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Proof of the Compositeness Theorem

Date: 04/10/2005 at 16:44:25
From: Lori
Subject: no primes in the interval

I have determined that there are no prime numbers in the interval   
[n! + 2, n! + n], but I am trying to make sense of why.  Is there a
theorem that explains why this works?

My only thought is that whatever n is, it is always going to be a 
factor of the numbers in the interval.  Am I on the right track?

Date: 04/11/2005 at 09:06:35
From: Doctor Ricky
Subject: Re: no primes in the interval

Hi Lori,

Thanks for writing Dr. Math!

The property you noticed is informally known as the "compositeness 
theorem."  And as you have seen, it would make sense to be called 
that, since the theorem states that there are no prime numbers in the 
interval [n! + 2, n! + n].

To understand why this property holds true for all n > 2, consider the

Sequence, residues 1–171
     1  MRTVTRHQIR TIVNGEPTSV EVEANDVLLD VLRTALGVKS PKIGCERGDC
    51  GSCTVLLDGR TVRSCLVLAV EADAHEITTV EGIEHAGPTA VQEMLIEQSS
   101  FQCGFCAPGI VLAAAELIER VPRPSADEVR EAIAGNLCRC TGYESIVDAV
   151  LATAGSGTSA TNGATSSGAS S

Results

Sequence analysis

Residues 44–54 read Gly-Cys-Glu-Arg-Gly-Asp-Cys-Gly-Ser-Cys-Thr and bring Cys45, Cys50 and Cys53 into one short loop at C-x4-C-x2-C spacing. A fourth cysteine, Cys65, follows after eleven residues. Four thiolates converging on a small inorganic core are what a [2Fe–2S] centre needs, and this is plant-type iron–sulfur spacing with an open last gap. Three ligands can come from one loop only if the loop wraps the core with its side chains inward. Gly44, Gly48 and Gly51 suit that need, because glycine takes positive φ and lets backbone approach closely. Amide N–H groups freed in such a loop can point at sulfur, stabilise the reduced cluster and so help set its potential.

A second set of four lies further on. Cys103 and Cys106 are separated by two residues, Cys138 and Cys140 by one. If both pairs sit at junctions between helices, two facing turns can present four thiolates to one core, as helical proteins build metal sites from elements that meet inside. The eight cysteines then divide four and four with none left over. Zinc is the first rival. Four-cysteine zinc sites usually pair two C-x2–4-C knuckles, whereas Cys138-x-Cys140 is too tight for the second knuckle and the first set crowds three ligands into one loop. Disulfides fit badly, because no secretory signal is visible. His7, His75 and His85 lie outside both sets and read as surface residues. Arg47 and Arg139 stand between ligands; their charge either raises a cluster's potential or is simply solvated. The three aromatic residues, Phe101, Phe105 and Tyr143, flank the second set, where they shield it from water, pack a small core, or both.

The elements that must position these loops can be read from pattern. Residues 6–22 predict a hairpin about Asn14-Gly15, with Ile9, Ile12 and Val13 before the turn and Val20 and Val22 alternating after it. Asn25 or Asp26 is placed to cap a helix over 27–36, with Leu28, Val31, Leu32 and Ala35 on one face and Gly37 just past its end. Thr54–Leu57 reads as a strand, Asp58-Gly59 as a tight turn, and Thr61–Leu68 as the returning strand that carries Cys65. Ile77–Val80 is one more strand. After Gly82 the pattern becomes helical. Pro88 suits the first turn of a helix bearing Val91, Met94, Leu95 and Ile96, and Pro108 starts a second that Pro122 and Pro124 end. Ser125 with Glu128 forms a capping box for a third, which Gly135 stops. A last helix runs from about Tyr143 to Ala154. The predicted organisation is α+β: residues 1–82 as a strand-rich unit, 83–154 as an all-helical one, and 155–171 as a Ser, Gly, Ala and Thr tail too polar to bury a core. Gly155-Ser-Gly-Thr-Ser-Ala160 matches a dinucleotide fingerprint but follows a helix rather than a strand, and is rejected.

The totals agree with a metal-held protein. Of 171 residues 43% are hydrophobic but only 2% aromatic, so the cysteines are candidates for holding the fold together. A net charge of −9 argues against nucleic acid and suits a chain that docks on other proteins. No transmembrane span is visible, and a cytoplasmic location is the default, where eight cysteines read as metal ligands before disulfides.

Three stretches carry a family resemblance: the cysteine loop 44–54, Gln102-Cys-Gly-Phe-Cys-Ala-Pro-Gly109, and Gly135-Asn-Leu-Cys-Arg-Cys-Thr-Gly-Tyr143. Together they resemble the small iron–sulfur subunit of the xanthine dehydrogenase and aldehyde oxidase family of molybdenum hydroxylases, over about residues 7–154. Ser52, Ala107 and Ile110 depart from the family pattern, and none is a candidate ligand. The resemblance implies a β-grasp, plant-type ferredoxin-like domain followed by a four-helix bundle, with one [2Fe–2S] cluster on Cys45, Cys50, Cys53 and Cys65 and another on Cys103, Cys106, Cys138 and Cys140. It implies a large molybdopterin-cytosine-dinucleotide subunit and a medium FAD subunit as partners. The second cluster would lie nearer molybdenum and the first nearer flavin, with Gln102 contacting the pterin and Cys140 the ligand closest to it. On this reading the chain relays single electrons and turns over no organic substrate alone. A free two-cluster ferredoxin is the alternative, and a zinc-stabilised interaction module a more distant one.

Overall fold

expansion of n!.

  n! = 1*2*3*...*(n-1)*n

Since n! is the product of all numbers less than or equal to n, if we 
add any of those numbers to n!, we can factor out a common term.

  n! + 3 = [1*2*3*4*...*(n-1)*n] + 3 = 3[(1*2*4*...*(n-1)*n) + 1].

Therefore, in our example, since we can factor a 3 out from both n! 
and 3, then 3 is a factor of both and therefore n! + 3 is composite.  
We can duplicate this factoring argument for every integer we add from 
2 up to n.

This is not to say that n! + 1 isn't composite (note 4! + 1 = 25 is 
composite), but since the primality or compositeness of n! + 1 can 
only be considered on a case-by-case basis for each n, it is easier 
just to say that all the integers in the interval [n! + 2, n! + n] 
are composite.

We can also extend this theorem to find specific sizes of consecutive 
composite integers.  For example, say we want to find an interval of 
1000 consecutive composite integers.  By our compositeness theorem, we 
know that the interval:

  [1001! + 2, 1001! + 1001]

will contain exactly 1000 composite integers, all in arithmetic 

I hope this helps, but if you have any more questions, feel free to 
write Dr. Math!
- Doctor Ricky, The Math Forum 
Associated Topics:
College Number Theory

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